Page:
The Abqaiq oil processing facility, located approximately 60km south-west of Dhahran in Saudi Arabia's Eastern Province, is the world’s biggest oil processing and crude stabilisation plant.

Owned and operated by state-owned Saudi Aramco, the Abqaiq facility has a capacity to process up to seven million barrels of crude oil a day, which accounts for more than half of Saudi Arabia’s crude production capacity and approximately seven percent of the global oil supply.

The 70-year-old facility serves as the main processing hub for Arabian Light and Arabian Extra Light crude oils, and thus constitutes the key oil processing infrastructure for Saudi Aramco’s day-to-day oil operations.

The Abqaiq processing facility receives crude supply from major oil fields in the oil-rich Eastern Province, including the world biggest Ghawar field, to remove impurities such as sulphur and sand, before sending it to major refineries in the Kingdom for final processing.

Given its strategic significance, the Abqaiq facility has been prone to terrorist attacks for long, while the recent aerial strike in September 2019 caused severe damage to the facility and disrupted Saudi Arabia’s global crude supply.

Terrorist attack on Abqaiq

On 14 September 2019, the Abqaiq oil processing facility as well as the Khurais oil field that lies 177km south-west of Abqaiq were struck by 25 drones and missiles from the air.

The Abqaiq facility was attacked in 18 different locations that left some of the storage tanks and refinery towers damaged.

Production at the Khurais facility that produces up to 1.5 million barrels of oil per day (Mbopd) was resumed after 24 hours, while production at a rate of 2Mbopd was restored at Abqaiq within 48 hours after the attack.

The terror strike shut down the kingdom’s Arab Light and Arab Extra Light output by 5.7Mbopd, which was approximately half of its total daily oil production capacity.

Repair works at the damaged facilities are being carried out in full swing. A production capacity of 4.9Mbopd was claimed to have been restored at the Abqaiq facility by the end of September 2019. The entire output of the plant along with the Kingdom’s maximum production capacity is expected to be restored by the end of November 2019.

Although the Houthi rebels of Yemen have claimed responsibility for the twin attacks, the governments of Saudi Arabia and the US have accused of Iran’s involvement.

Previously in 2006, Saudi security forces had prevented a suicide bombing attempt at the Abqaiq facility by the Al-Qaeda terrorist outfit.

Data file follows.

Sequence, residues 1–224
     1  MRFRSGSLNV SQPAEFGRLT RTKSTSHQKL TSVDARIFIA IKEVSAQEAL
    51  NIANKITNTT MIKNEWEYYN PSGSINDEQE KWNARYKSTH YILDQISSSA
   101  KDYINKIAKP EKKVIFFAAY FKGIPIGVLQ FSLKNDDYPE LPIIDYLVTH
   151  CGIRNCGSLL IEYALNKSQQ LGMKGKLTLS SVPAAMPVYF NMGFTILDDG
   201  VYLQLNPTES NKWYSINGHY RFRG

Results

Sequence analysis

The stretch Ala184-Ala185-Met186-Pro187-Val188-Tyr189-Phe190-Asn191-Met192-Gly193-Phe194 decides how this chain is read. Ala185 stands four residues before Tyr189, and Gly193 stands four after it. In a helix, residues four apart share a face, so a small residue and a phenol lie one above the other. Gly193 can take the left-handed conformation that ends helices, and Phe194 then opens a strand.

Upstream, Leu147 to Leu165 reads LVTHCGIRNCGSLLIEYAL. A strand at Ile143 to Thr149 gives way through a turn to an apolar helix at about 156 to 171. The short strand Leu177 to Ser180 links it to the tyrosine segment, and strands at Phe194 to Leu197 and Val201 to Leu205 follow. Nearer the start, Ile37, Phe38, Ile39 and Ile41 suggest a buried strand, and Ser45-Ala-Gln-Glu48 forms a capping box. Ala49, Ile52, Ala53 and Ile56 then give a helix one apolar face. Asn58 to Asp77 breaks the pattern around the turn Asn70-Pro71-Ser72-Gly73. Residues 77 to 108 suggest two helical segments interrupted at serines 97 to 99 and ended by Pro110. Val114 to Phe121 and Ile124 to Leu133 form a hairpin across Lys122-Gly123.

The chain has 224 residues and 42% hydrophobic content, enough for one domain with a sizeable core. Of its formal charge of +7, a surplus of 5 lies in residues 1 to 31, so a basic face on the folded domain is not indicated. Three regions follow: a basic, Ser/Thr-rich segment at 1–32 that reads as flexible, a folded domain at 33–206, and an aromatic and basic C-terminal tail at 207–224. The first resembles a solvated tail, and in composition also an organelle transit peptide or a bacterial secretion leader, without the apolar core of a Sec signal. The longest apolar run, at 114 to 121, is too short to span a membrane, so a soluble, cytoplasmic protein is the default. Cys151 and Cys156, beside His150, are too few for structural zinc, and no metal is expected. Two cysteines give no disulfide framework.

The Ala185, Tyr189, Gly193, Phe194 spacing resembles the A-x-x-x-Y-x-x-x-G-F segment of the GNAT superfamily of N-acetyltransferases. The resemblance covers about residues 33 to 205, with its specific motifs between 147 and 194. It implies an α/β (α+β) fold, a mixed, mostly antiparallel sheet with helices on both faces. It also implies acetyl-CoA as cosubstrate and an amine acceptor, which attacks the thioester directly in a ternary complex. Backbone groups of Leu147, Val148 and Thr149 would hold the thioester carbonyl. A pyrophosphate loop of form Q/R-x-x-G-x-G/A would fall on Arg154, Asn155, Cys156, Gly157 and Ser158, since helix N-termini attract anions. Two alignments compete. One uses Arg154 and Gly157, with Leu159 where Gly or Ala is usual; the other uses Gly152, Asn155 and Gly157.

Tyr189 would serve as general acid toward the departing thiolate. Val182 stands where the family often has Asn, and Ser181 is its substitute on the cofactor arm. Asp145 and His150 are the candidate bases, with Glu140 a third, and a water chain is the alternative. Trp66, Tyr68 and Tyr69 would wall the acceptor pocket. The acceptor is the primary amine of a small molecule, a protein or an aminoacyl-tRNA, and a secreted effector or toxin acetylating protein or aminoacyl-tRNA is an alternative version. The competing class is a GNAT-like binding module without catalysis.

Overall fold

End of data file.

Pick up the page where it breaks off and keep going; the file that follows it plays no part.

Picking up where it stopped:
Abqaiq facility infrastructure details

The Abqaiq complex houses three primary processing units that include an oil processing unit, a natural gas liquids (NGL) facility, and a utilities unit.

The oil processing unit comprises multiple spheroids as well as 18 stabiliser columns for sulphur removal and for separation of gas and light hydrocarbons from the crude oil.

The off gas from the oil processing unit is processed at the NGL facility, which features eight compression trains, apart from stripper and de-ethaniser columns.

The oil and NGL facilities are supplied with power, steam, and treated water from the utilities unit of the complex.

A total of six power generators, including three steam and three combustion gas turbine generators, are utilised to supply power to the processing facility, while a total of 14 boilers are used for steam generation for the oil processing and NGL facilities, turbines, and compressors.

The facility also houses a water treatment plant, which consists of 16 reverse osmosis units to provide demineralised water.

Two steam-driven and three motor-driven air compressors are utilised to provide instrument air required for control valves operations at the facility.

Crude supply

The Abqaiq oil processing facility mainly receives crude supply from the gas and oil separation plants (GOSP) of the Ghawar field. It is also connected to the Shaybah oil field through a 635km pipeline.

The sulphur-free and stabilised oil from the plant is further sent to the RasTanura and Jubail refineries on the east coast and to the Yanbu refinery on the west coast.

The Abqaiq facility is also directly connected to the Bapco refinery in Bahrain, through the 112km-long and 30in-diameter AB-4 pipeline, which was commissioned in October 2018.

The light gases produced at the facility are transported to other gas plants for processing, while the NGL products are sent to the RasTanura refinery for fractionation.